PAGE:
Meat industry criticises BBC Horizon programme

The BBC Horizon two-part series, Should I Eat Meat?, has been criticised by the meat industry for suggesting people should consume less meat.

Last night’s second and final instalment of BBC Horizon, Should I Eat Meat?, assessed the environmental impact of livestock farming, which Mosley concluded could be prevented by reducing meat consumption and finding alternative animal proteins, such as mussels.

However, it was the first part which caused the biggest stir in the industry. Mosley embarked on a “high-meat” diet, which saw his red-meat consumption increase to 130 grams a day, 60g more than the 70g recommended daily allowance.

Commenting on the Horizon programme, Dr Carrie Ruxton from the Meat Advisory Panel (MAP) said: “While the Horizon programme recognised and emphasised the nutritional benefits of red meat and the important role it plays in our diet, the high-meat diet test wasn’t properly conducted and, therefore, is not a fair comparison.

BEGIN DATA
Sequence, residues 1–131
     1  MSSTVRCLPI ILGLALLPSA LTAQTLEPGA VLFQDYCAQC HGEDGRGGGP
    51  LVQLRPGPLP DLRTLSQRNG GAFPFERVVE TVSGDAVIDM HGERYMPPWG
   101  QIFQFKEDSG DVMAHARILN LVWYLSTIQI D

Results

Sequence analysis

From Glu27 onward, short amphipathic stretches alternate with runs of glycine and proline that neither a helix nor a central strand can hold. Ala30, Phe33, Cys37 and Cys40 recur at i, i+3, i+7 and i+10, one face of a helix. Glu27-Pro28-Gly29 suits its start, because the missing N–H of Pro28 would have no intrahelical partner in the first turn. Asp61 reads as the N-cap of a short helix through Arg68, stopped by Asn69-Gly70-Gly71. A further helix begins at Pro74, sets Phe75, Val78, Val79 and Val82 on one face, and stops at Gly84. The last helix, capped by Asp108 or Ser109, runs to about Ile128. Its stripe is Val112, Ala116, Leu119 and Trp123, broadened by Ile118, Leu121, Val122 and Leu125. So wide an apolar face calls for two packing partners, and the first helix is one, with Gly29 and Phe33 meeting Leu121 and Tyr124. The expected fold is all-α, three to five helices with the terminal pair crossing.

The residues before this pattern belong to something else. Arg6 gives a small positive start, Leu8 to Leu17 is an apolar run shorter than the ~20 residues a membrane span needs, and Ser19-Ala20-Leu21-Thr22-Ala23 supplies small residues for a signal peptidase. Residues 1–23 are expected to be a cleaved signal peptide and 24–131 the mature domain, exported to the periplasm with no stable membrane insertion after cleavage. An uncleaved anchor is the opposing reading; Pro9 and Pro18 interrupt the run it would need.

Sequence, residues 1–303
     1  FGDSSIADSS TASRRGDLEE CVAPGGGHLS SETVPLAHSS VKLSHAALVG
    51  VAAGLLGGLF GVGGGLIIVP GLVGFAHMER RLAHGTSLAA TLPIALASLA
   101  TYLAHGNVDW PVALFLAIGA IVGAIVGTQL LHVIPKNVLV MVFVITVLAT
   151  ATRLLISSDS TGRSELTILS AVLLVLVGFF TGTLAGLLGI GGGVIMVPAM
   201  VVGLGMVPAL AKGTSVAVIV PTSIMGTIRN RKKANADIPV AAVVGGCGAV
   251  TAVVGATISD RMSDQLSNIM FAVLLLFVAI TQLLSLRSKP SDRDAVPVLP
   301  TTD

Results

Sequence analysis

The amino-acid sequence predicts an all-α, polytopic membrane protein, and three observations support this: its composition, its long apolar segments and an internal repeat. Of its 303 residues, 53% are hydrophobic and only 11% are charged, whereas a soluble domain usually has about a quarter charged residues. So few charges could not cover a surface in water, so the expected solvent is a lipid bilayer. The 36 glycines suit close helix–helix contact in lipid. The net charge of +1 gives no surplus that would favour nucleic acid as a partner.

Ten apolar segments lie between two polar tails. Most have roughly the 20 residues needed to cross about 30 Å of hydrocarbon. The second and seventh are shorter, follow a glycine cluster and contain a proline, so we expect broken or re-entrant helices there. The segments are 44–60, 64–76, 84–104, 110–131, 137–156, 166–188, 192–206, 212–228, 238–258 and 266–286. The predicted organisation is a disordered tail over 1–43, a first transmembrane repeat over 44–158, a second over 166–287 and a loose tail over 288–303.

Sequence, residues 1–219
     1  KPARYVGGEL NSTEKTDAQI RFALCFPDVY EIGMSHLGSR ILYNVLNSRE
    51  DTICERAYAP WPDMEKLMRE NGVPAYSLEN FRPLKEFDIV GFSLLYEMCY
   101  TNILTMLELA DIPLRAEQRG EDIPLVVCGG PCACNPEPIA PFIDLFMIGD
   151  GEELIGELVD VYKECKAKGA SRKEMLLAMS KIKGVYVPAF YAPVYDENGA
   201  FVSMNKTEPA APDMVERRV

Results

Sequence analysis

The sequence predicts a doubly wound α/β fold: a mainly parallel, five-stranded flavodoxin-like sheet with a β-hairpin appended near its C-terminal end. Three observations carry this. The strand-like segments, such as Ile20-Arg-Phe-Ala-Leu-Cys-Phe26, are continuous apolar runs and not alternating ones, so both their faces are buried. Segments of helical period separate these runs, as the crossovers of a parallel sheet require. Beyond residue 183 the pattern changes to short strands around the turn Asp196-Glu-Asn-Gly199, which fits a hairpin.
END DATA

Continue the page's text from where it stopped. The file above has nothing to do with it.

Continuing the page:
Meanwhile, Roger Leicester, also a member of MAP and a surgeon and bowel cancer specialist, criticised the study Mosley investigated: “In terms of the European Prospective Investigation into Cancer and Nutrition study, which was mentioned in the Horizon programme, this study is an analysis of dietary intakes of meat assessed by questionnaires, which is an unreliable research method. In fact, other studies have found no association between red meat and cancer, and rates of bowel cancer are similar in meat-eaters and vegetarians.”

In its official response to the series, MAP suggested such “scaremongering” programmes could have a negative impact on those in society who require more protein in their diet.

This was echoed by beef and lamb levy board Eblex, which suggested that media reports on meat consumption should be taken in “moderation”: “No doubt, the sensationalist stories suggesting that various food types cause various illnesses and cancers will continue. Perhaps the headlines should be taken in moderation too.”

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